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President Biden has brought back bipartisan meetings at the White House that diminished under his predecessor, trying to find common ground with Republicans even as they remain far apart on issues related to the next round of coronavirus relief.

Biden’s first meeting with lawmakers in the Oval Office was with Republican senators on the coronavirus proposal and he has since met with bipartisan members of Congress on infrastructure and, later, supply chain issues. Biden’s outreach to Republicans has also extended beyond Capitol Hill to governors and local leaders as his administration grapples with the coronavirus and recent winter storms in southern states.

The meetings are another example of a return to more traditional governing under Biden and he is expected to make them a regular occurrence.

White House spokesman Michael Gwin said that the president is “glad to welcome lawmakers from both parties to the White House to work towards finding common ground on the challenges we face, and he’ll continue to do so throughout his time in office.”

“Biden’s brand is bringing people together, so it’s always helpful for him to remind voters that he’s trying to unite,” said Democratic strategist Joel Payne. “For now, it helps him stay above the fray.”

While Biden is making an effort to reach across the aisle, the real test will be whether that engagement yields any results. Discussions with Republicans on COVID-19 relief have brought both sides no closer to a compromise. Democrats have pushed ahead to pass Biden’s $1.9 trillion proposal using budget reconciliation, creating tensions with Republicans.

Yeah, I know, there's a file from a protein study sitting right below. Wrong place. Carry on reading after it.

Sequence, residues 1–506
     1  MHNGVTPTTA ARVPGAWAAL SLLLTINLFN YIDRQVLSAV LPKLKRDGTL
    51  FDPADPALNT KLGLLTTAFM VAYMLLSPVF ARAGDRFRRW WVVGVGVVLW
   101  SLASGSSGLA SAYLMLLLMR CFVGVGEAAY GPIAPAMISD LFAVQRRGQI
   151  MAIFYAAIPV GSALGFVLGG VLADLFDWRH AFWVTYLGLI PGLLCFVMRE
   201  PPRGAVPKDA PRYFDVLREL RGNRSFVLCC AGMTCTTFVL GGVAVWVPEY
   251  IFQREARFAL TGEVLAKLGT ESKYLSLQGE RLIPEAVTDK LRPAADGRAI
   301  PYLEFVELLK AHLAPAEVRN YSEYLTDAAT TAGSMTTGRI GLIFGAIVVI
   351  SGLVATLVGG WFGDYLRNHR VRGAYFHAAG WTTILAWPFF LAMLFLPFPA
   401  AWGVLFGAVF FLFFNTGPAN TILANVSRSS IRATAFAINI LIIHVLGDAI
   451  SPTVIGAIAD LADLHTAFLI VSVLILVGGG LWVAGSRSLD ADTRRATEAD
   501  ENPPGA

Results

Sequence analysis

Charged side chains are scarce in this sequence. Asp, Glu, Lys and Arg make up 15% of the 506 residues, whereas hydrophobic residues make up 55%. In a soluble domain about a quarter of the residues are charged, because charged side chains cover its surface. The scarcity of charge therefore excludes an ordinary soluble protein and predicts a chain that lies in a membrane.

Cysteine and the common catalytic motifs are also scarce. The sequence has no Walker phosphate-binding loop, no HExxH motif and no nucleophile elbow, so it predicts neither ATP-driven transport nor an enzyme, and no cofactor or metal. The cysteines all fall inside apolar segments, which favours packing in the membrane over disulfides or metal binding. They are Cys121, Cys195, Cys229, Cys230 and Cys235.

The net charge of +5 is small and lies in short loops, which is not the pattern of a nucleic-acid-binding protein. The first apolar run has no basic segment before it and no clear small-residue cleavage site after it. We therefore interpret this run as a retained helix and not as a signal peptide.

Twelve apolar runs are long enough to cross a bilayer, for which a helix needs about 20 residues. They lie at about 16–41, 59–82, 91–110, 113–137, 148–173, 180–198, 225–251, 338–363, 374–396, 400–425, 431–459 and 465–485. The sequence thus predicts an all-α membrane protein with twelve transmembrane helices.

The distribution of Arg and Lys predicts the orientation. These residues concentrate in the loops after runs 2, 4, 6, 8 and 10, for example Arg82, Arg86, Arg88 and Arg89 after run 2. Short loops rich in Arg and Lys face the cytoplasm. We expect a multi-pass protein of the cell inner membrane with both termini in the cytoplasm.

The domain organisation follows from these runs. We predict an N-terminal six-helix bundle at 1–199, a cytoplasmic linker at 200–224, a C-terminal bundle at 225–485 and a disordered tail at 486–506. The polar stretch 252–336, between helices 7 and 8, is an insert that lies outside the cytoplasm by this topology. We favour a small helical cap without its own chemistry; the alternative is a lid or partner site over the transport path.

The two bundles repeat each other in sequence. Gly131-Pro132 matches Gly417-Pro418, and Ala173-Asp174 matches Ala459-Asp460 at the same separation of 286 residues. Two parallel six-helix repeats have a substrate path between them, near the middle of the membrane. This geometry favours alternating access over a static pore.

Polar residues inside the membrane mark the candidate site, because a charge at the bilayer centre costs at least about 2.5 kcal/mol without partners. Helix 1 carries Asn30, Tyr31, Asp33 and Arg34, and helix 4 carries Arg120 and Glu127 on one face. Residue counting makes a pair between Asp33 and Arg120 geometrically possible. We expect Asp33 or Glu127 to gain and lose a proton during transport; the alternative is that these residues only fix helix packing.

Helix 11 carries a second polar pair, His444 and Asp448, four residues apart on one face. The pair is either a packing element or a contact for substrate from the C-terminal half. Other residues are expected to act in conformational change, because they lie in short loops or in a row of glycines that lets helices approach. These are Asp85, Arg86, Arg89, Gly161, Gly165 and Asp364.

“There are clearly issues where there is bipartisan consensus, but it requires presidential leadership and political capital to prevent the far left or far right from stopping it,” said Alex Conant, a Republican strategist and former spokesman in George W. Bush’s White House.

Biden’s effort to work across the aisle is reflective of his campaign trail pledge to be a unifier and a “president for all Americans.”

“He’s said he wants Republicans at the table from the very beginning,” said one longtime Biden adviser. “You can’t campaign on that for a year and a half and then not do it.”

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The adviser said Biden’s aim has always been to tone down the rhetoric and “break the fever.”

“Making them the opposition and not the enemy, that’s part of the deal,” the adviser said. “Part of the goal is normalizing talking to them. That is also a message that he’s sending not just to Republicans, but to Democrats, as well.

“He’s not under the illusion that we’ll get 67 votes, but this is how policymaking works,” the adviser continued, adding that Biden is a “creature of the Senate.”

Biden has forecast plans to pass a recovery and infrastructure package and Democrats have also introduced an immigration proposal on Capitol Hill, presenting his next tests to work with Republicans. Biden would need Republicans to join Democrats in order to pass an immigration overhaul.

In addition to Biden’s contacts, the White House says officials remain in constant contact with Republican offices on Capitol Hill and in the states.

Biden’s first meeting with GOP senators on Feb. 1 was cordial, according to participants, but Biden has remained committed to his $1.9 trillion relief proposal, which Republicans view as too expensive.